|Publication number||US6295070 B1|
|Application number||US 08/870,106|
|Publication date||Sep 25, 2001|
|Filing date||Jun 5, 1997|
|Priority date||Jun 7, 1996|
|Also published as||DE69722139D1, DE69722139T2, EP0843870A1, EP0843870B1, US6567095, US20020027559, WO1997046973A1|
|Publication number||08870106, 870106, US 6295070 B1, US 6295070B1, US-B1-6295070, US6295070 B1, US6295070B1|
|Inventors||Karl J. Wood|
|Original Assignee||U.S. Philips Corporation|
|Export Citation||BiBTeX, EndNote, RefMan|
|Patent Citations (4), Referenced by (16), Classifications (14), Legal Events (5)|
|External Links: USPTO, USPTO Assignment, Espacenet|
1. Field of the Invention
The present invention relates to a circuit arrangement for modifying pyramidal texture coordinates for three-dimensional (3-D) graphics applications and also to a display apparatus including or being driven by such a circuit arrangement, particularly but not exclusively a stereoscopic or multiple view display apparatus.
2. Description of the Related Art
An example of such a circuit arrangement and its use in a single view (non-stereoscopic) display apparatus is described in our European patent application EP-A-0 438 195 which provides a circuit arrangement for converting pyramidal texture coordinates into corresponding physical texture memory addresses in an electronic display apparatus. The circuit arrangement comprises a pyramidal coordinate input for receiving a two-dimensional (2-D) coordinate pair and an associated level coordinate, together with means for generating from the received coordinate pair and level coordinate a corresponding physical texture memory address. The texture memory holds a pyramidal or part pyramidal array of texture element (“texel”) values representing a 2-D modulation pattern (the texture) to be mapped onto surface primitives, with each level of the pyramid holding a 2-D version of the pattern filtered to a different level of resolution. Suitable filtering methods for the generation and storage of pyramidal texture arrays are described in a paper entitled “Pyramidal Parametrics” by Lance Williams, Computer Graphics, Volume 17, No 3 (July 1983) at pages 1 to 11.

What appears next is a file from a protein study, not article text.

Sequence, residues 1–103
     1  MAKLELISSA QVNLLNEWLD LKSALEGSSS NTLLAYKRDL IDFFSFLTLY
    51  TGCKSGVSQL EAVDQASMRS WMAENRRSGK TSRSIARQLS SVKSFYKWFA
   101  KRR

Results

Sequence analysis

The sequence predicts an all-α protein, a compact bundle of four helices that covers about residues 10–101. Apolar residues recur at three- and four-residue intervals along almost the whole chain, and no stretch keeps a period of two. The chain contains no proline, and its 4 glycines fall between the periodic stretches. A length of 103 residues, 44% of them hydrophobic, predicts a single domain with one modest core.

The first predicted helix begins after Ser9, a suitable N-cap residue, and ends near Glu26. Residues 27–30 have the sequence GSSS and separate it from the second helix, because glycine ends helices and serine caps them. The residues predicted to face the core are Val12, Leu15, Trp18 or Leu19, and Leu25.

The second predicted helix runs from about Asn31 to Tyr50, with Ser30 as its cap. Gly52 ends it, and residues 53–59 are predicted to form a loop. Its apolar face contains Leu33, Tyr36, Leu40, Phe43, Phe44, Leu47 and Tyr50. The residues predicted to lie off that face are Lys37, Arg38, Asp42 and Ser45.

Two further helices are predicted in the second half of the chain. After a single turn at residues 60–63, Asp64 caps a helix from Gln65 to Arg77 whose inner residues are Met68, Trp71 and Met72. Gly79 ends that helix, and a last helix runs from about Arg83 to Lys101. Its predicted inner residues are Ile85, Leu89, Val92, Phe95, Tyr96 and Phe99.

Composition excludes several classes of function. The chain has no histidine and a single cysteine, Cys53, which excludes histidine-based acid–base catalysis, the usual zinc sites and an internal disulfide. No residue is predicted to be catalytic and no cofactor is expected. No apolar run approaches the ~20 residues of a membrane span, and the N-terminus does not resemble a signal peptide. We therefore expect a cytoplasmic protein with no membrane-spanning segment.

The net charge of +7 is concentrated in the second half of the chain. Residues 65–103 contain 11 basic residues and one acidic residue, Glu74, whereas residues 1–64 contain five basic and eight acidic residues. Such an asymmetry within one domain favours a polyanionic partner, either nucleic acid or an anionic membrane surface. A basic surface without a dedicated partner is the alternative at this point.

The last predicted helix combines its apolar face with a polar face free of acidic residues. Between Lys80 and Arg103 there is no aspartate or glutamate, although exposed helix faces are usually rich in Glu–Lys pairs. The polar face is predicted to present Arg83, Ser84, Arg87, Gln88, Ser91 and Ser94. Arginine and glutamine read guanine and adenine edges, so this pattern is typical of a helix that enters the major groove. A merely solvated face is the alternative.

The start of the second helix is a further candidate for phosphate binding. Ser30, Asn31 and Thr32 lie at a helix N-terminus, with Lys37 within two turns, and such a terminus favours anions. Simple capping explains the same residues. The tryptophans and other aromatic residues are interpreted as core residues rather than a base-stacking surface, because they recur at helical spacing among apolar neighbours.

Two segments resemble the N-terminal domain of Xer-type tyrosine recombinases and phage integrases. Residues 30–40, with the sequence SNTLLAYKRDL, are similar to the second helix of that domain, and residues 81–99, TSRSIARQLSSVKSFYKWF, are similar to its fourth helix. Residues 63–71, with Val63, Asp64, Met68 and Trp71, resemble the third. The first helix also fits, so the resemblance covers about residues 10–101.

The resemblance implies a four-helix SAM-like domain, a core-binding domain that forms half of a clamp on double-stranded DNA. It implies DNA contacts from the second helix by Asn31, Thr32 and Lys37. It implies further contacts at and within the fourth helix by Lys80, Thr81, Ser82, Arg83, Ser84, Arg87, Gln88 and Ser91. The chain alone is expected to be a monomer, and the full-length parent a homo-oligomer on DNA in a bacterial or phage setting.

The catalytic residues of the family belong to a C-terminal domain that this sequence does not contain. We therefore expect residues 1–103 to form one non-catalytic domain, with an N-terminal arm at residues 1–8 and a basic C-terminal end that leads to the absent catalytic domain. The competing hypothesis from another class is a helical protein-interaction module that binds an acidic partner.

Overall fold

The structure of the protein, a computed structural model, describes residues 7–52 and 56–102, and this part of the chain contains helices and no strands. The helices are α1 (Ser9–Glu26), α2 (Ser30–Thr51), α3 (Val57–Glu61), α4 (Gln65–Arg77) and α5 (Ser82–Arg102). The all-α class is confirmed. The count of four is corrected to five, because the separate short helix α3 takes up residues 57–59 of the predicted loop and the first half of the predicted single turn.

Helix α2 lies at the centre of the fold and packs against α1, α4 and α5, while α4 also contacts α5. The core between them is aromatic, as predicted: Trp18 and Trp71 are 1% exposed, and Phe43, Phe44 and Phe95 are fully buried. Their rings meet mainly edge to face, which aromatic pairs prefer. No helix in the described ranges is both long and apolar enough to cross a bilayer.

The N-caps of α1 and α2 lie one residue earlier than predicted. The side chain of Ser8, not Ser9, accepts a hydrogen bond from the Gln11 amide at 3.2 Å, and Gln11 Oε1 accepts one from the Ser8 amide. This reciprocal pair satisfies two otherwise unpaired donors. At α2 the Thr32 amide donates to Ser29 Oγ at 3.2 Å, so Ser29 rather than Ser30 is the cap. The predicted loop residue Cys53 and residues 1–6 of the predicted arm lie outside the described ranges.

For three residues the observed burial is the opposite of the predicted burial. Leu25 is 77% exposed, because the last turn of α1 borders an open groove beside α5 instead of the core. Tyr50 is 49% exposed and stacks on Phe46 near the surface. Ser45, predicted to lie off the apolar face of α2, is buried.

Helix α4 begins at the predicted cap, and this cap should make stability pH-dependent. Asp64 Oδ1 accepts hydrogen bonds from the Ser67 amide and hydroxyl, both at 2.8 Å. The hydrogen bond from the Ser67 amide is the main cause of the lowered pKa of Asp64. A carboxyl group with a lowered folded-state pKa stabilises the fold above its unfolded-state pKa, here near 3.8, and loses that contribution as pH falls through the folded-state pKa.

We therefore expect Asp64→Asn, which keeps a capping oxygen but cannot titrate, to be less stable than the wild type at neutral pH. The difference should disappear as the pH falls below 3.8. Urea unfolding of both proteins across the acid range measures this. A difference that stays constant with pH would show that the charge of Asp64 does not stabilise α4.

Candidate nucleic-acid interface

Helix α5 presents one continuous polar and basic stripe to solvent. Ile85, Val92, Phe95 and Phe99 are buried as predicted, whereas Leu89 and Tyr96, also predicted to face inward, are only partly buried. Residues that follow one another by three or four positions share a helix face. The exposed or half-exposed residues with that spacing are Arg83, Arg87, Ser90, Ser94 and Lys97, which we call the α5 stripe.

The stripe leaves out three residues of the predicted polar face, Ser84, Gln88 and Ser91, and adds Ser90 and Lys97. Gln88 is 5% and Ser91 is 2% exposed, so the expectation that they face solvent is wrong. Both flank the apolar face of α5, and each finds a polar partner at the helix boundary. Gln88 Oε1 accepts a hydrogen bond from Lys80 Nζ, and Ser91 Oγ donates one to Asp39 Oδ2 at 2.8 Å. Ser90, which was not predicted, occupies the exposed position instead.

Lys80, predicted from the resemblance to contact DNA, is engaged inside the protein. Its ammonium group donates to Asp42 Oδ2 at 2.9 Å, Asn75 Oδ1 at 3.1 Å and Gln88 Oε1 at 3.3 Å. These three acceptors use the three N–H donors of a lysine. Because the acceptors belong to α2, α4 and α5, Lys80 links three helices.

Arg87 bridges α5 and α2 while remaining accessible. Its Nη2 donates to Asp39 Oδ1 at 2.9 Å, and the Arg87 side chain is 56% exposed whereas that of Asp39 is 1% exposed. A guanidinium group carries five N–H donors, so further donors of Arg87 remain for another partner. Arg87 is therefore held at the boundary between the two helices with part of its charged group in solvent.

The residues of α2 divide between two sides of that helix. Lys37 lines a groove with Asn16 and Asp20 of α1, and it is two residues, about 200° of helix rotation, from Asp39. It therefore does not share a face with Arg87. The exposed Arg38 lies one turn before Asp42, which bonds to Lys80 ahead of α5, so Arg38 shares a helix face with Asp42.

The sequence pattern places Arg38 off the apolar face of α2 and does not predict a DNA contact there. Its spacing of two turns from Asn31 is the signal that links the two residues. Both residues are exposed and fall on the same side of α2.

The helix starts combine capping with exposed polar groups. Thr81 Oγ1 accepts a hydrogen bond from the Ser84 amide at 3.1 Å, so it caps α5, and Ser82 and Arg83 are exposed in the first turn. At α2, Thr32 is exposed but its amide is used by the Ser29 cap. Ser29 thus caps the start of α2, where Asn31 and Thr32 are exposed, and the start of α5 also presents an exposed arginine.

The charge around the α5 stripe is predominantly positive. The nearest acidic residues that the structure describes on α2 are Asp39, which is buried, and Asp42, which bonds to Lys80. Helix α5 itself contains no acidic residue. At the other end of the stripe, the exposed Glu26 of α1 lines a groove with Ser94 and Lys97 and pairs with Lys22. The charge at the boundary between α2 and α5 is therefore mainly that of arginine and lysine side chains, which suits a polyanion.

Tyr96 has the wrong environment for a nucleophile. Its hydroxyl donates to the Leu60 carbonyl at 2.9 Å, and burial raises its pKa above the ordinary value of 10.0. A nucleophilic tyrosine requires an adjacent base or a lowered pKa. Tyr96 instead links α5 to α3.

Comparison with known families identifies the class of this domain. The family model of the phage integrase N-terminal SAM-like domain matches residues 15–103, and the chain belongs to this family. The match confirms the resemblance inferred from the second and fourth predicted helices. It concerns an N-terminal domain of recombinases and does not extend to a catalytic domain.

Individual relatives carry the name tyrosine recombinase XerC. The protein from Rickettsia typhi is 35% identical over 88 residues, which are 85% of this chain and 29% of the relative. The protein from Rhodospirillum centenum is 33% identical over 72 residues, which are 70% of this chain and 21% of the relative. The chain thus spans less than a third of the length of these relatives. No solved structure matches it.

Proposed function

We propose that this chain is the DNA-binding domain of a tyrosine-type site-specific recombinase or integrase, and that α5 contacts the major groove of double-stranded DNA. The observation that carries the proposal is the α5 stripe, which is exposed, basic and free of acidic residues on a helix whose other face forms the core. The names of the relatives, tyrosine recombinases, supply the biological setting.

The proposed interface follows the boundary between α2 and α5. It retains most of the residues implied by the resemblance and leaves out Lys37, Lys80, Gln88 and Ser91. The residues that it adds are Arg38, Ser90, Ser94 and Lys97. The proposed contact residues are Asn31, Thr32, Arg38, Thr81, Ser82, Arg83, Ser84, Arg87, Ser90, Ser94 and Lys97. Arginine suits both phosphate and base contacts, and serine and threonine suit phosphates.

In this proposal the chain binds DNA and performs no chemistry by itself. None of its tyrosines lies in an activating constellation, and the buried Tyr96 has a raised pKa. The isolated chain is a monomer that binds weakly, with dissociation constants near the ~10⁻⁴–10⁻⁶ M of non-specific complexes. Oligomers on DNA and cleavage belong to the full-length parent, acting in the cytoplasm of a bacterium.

EP-A-0 438 195 is concerned with an arrangement for translating texture map addressing to allow for efficient storage of part-pyramidal arrays in a linearly addressed (one-dimensional) texture memory, with a simple offset mechanism enabling rapid indexing between corresponding areas of maps of differing resolutions.
Most 3-D graphics systems can produce auxiliary information for each pixel in the rendered image, in addition to the color and intensity, such as the depth of the nearest surface impacting each pixel as is commonly available from a z-buffer. Given depth information for the nearest surface impacting each pixel, it is possible to blur the rendered image by filtering such that the amount of blurring increases as a function of the difference between the depth associated with the pixel and some programmable depth value corresponding to a point of interest. The effect mimics what happens in the cinema when a camera focuses on a point of interest and other parts of the scene are blurred. Previously, however, systems such as that of EP-A-0 438 195 have required the blurring effect to be applied as a further processing step to the rendered and texture mapped image.
It is therefore an object of the present invention to provide a relatively simple mechanism which enables focus/de-focus effects to be incorporated during rendering and texture mapping of an image.
In accordance with a first aspect of the present invention there is provided a circuit arrangement for modifying pyramidal texture coordinates for three-dimensional (3-D) graphics applications, the arrangement comprising: a pyramidal coordinate input for receiving a two-dimensional (2-D) texture coordinate pair and an associated level coordinate; and means operable to generate a physical texture memory address based on the received 2-D texture coordinate pair and associated level coordinate, said means being arranged to generate an offset to said associated level coordinate, and to generate said physical texture memory address from the received coordinate pair and the sum of the associated level coordinate and generated offset thereto; characterised in that said circuit arrangement further comprises an input for receiving a focal depth value, and said means operable to generate a physical texture memory address is arranged to generate said offset having a magnitude determined by the received focal depth value.
This arrangement can be applied in apparatus for the generation of images to be displayed on a conventional display such as a monitor or projection system, but is of particular interest for stereoscopic displays such as auto stereoscopic screens or Virtual Reality binocular headsets as the stereo effect is reinforced by the depth cueing provided by de-focusing the texture.
In the circuit arrangement, the offset is suitably generated per pixel of an image and the focal depth value consequently specifies a relative depth difference between a depth value for the image and a depth value for each pixel. A limiter stage may be provided coupled with the texture memory address generator, the limiter acting to maintain the said sum of the associated level coordinate and generated offset thereto within a predetermined range of values.